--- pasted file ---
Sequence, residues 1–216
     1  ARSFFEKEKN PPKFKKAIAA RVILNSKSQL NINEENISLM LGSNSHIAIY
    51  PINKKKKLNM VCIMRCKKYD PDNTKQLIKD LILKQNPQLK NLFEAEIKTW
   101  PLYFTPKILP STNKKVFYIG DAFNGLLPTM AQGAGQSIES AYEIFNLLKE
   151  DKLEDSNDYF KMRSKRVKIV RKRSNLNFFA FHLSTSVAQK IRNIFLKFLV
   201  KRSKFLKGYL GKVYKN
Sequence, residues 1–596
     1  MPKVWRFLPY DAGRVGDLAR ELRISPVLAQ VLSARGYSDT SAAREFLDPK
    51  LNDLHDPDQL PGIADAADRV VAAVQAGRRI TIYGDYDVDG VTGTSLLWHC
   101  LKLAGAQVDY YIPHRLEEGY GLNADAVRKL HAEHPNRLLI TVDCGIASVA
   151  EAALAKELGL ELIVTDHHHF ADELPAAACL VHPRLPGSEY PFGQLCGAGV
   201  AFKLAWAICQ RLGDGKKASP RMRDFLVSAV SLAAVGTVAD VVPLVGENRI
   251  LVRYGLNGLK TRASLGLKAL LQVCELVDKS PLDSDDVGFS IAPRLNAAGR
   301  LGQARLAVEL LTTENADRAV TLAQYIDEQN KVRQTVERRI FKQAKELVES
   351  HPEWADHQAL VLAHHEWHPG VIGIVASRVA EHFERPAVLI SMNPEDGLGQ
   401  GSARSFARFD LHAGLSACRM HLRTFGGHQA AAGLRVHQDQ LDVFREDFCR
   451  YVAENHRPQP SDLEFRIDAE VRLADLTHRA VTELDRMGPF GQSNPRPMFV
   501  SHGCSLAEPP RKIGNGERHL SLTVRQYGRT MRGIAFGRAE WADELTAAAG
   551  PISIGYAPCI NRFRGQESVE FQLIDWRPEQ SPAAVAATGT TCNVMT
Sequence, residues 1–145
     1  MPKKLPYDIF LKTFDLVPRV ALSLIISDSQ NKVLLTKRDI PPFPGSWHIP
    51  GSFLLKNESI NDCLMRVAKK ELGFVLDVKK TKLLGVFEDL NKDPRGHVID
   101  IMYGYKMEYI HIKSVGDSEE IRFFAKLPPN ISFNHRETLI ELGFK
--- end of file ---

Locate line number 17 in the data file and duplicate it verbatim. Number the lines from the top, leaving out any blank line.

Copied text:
   451  YVAENHRPQP SDLEFRIDAE VRLADLTHRA VTELDRMGPF GQSNPRPMFV